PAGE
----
Only the Brave
Time Out says
Firefighters go into battle in a sturdy piece of based-on-real-life heroism that's kept at an emotional distance.
Soaked in Americana and twangy guitars, Only the Brave provides an uncomplicated, hearty glimpse into the true story of the Granite Mountain Hotshots, an elite firefighting crew that combats the worst forest blazes. Led by Josh Brolin as Superintendent Eric Marsh, the film treats its central firefighting unit more like a group of soldiers, complete with basic training and helicopter rides into battle with an enemy they dub “the beast.” While aspects of the routine become mundane, it’s the developing brotherhood amongst the men, and the sense of community around them, that ultimately strengthens this story.
Director Joseph Kosinski (TRON: Legacy, Oblivion) depicts the infernos in dazzling aerial shots that glide over the forests around Prescott, Arizona. Brolin’s Marsh remains levelheaded in the face of the flames, and stubbornly self-assured. Though many of the scenes in which Marsh and his crew navigate forest fires are visually stunning, they lack the intensity of most war scenes, or even of 1991’s Backdraft. Despite the looming threats on display, Kosinski never imbues his movie with a real sense of danger until it’s too late to take the threat seriously. For all of the movie’s flare, Only the Brave lacks dynamism.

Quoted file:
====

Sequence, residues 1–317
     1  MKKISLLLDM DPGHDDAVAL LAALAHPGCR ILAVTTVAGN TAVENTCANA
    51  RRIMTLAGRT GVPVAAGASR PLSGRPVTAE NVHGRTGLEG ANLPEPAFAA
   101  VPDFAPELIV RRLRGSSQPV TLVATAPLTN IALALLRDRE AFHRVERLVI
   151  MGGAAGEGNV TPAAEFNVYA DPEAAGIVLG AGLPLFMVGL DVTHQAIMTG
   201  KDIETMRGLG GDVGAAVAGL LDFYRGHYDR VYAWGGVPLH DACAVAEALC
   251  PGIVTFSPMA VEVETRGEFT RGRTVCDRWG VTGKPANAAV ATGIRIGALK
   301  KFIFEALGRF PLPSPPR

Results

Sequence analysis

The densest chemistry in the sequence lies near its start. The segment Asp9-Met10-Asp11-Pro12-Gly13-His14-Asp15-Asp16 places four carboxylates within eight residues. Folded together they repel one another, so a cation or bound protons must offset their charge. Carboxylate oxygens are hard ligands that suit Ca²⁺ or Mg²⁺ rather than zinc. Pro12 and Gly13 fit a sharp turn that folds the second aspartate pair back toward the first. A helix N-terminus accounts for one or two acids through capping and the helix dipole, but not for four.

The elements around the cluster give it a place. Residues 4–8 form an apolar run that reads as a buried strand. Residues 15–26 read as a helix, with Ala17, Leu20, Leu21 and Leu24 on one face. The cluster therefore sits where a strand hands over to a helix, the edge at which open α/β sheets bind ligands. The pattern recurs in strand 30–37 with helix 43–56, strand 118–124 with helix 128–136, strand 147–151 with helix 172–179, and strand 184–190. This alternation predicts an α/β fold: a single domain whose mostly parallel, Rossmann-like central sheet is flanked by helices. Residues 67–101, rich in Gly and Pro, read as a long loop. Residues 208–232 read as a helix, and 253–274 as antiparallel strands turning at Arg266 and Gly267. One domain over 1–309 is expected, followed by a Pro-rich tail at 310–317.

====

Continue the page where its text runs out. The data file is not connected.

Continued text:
Brolin remains compelling despite having little to display outside of masculine anger. His onscreen wife, Jennifer Connelly, has much less to do, save for an emotional talk near the end of the film. The stellar cast—including Jeff Bridges and Taylor Kitsch—are largely limited to performing through reaction shots. Brolin also serves as the mentor to a new trainee played by an underserved and blonde-dyed Miles Teller. Teller, who receives news of the film’s climax over a walkie-talkie, is kept at a distance from the emotional core of the story; that removed feeling, unfortunately, is shared by us.
BY: ZACHARY SHEVICH
Cast and crew